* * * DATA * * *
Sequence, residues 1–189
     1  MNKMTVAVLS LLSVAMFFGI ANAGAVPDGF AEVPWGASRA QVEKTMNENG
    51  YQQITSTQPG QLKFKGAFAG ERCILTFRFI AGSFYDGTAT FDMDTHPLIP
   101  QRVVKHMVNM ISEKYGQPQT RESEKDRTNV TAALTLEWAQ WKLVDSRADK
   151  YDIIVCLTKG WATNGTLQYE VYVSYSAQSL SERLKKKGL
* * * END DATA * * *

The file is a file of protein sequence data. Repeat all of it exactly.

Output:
Sequence, residues 1–189
     1  MNKMTVAVLS LLSVAMFFGI ANAGAVPDGF AEVPWGASRA QVEKTMNENG
    51  YQQITSTQPG QLKFKGAFAG ERCILTFRFI AGSFYDGTAT FDMDTHPLIP
   101  QRVVKHMVNM ISEKYGQPQT RESEKDRTNV TAALTLEWAQ WKLVDSRADK
   151  YDIIVCLTKG WATNGTLQYE VYVSYSAQSL SERLKKKGL